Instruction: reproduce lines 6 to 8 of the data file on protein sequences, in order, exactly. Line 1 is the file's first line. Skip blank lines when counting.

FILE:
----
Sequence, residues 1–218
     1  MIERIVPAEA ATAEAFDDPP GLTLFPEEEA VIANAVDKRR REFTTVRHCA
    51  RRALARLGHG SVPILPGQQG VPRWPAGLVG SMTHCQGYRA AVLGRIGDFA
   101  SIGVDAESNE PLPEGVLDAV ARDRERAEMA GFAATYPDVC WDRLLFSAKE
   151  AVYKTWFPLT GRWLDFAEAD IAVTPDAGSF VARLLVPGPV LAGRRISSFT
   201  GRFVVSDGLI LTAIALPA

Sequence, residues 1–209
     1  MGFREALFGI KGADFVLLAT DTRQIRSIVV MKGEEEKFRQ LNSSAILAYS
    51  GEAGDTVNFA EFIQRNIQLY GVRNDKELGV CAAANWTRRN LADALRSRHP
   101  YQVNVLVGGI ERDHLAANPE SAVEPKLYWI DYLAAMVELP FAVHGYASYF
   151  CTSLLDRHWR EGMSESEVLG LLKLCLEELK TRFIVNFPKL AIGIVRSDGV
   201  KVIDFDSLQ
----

   201  GRFVVSDGLI LTAIALPA

Sequence, residues 1–209
     1  MGFREALFGI KGADFVLLAT DTRQIRSIVV MKGEEEKFRQ LNSSAILAYS